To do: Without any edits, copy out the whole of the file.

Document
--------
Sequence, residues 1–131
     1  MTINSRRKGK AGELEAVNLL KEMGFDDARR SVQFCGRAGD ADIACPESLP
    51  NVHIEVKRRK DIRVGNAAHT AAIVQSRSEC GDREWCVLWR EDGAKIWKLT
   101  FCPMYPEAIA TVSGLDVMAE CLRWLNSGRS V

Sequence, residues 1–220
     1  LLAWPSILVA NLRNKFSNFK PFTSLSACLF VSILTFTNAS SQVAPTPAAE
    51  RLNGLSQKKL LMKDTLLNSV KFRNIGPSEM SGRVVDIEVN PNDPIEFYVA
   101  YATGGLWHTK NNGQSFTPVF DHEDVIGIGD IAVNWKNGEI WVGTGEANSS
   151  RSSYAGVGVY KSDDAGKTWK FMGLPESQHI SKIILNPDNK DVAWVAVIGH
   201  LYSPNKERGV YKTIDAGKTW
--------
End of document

Sequence, residues 1–131
     1  MTINSRRKGK AGELEAVNLL KEMGFDDARR SVQFCGRAGD ADIACPESLP
    51  NVHIEVKRRK DIRVGNAAHT AAIVQSRSEC GDREWCVLWR EDGAKIWKLT
   101  FCPMYPEAIA TVSGLDVMAE CLRWLNSGRS V

Sequence, residues 1–220
     1  LLAWPSILVA NLRNKFSNFK PFTSLSACLF VSILTFTNAS SQVAPTPAAE
    51  RLNGLSQKKL LMKDTLLNSV KFRNIGPSEM SGRVVDIEVN PNDPIEFYVA
   101  YATGGLWHTK NNGQSFTPVF DHEDVIGIGD IAVNWKNGEI WVGTGEANSS
   151  RSSYAGVGVY KSDDAGKTWK FMGLPESQHI SKIILNPDNK DVAWVAVIGH
   201  LYSPNKERGV YKTIDAGKTW